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The reference to a switch loop in the related question describes a pair of wires that are both hot or live. The white wire is serving as a black and should have a black marking or tape on it. The switch is serving as a break in the hot line. Every operating device (like a fan or lamp) in standard wiring needs a hot line and a neutral line, and usually a ...


The trivial way to do this is to buy an off-the-shelf power strip with a switch and 15A circuit breaker, and plug that into a 15A-or-more GFCI outlet. If you don't want to replace the existing outlet, you can do what I did: Buy a standard 15A 3-prong power cord, a GFCI, a box with an outlet faceplate, and a strain relief. Knock out an appropriate size hole ...


After a little research I discovered that most dimmer switches are "Leading Edge" dimmer switches and that these aren't compatible with LED bulbs and will result in a flicker and reduce the lifetime of the bulbs. So what I needed was a "Trailing Edge" dimmer switch which I struggled to find in the shops but managed to order online. It was quite a lot more ...


No, not without running new wire. The way you have it there is only one switch leg going up to the fan/light.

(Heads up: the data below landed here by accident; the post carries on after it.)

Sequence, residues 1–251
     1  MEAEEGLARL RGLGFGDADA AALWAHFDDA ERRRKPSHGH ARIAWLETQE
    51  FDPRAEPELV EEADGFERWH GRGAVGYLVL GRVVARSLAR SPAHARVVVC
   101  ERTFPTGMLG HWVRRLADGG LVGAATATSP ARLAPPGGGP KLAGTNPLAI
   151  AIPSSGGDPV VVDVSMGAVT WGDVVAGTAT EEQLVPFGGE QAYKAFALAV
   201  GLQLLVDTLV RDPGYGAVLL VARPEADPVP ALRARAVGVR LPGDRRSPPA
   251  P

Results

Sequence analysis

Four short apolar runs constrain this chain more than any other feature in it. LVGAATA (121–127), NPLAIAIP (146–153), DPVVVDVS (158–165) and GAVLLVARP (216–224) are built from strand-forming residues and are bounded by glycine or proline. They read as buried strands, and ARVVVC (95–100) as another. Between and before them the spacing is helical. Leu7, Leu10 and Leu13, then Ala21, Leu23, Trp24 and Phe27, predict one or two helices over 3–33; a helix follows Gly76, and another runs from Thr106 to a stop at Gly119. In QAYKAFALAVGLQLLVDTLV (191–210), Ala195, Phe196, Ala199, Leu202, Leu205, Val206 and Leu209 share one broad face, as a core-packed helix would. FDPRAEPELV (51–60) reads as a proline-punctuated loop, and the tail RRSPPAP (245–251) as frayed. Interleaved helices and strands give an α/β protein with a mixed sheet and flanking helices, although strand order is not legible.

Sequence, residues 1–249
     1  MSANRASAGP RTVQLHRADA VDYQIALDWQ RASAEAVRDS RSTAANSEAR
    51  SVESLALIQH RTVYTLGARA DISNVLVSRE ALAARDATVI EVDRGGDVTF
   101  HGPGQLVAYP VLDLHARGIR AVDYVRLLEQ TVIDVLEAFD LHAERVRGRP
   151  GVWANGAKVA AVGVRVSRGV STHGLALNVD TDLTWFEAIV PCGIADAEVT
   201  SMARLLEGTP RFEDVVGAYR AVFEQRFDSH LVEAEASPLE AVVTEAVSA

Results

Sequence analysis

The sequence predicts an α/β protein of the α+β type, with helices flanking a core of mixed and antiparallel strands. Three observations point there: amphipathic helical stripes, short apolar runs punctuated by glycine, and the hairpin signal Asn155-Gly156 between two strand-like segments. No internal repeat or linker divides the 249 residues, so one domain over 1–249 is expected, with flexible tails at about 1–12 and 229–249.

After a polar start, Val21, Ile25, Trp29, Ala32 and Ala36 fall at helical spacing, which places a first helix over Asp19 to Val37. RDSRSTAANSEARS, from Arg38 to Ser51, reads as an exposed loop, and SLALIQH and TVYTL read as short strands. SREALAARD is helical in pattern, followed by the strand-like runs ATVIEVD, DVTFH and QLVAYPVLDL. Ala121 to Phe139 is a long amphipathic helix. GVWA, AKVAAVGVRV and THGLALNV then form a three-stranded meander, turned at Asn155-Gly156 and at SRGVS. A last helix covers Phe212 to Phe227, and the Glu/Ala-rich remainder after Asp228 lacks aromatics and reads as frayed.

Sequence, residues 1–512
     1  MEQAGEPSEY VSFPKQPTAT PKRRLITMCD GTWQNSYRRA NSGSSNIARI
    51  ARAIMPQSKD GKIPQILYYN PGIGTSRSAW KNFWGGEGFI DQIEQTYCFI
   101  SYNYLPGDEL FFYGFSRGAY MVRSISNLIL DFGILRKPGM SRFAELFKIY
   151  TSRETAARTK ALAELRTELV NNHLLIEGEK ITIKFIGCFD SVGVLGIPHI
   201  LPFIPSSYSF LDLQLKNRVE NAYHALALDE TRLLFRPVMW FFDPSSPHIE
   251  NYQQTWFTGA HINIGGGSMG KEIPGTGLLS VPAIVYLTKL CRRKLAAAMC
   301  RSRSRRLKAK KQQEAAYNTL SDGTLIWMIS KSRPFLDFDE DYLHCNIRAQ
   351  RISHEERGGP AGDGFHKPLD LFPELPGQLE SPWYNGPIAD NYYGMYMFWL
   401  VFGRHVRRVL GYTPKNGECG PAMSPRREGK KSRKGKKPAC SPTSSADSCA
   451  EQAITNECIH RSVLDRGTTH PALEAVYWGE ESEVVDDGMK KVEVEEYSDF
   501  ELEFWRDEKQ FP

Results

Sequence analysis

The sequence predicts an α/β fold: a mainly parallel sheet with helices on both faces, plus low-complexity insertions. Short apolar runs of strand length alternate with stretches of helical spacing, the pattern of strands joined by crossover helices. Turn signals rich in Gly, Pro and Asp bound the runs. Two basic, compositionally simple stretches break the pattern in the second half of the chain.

That IS a 4-way switch which means you do have two other 3-ways. The wiring you have can't mean anything else. A standard 3-way dimmer cannot be placed in this location.


Proper connection of a two-way circuit is (sorry about the ASCII sketch) sw1 sw2 load _________________ hot ____/ ______()_____ neutral _________________ / ... two single-pole, double-throw switches back to back. When both are switched one way (up in this case), one of the wires between ...


This is perfectly normal. One of the two travelers can be hot at all times if the switches are wired correctly. Which traveler is hot depends on the orientation of the switches. That said, you shouldn't touch any wire in a circuit box when the branch is live. If you happened to have provided a better ground path, someone else very well could have been ...

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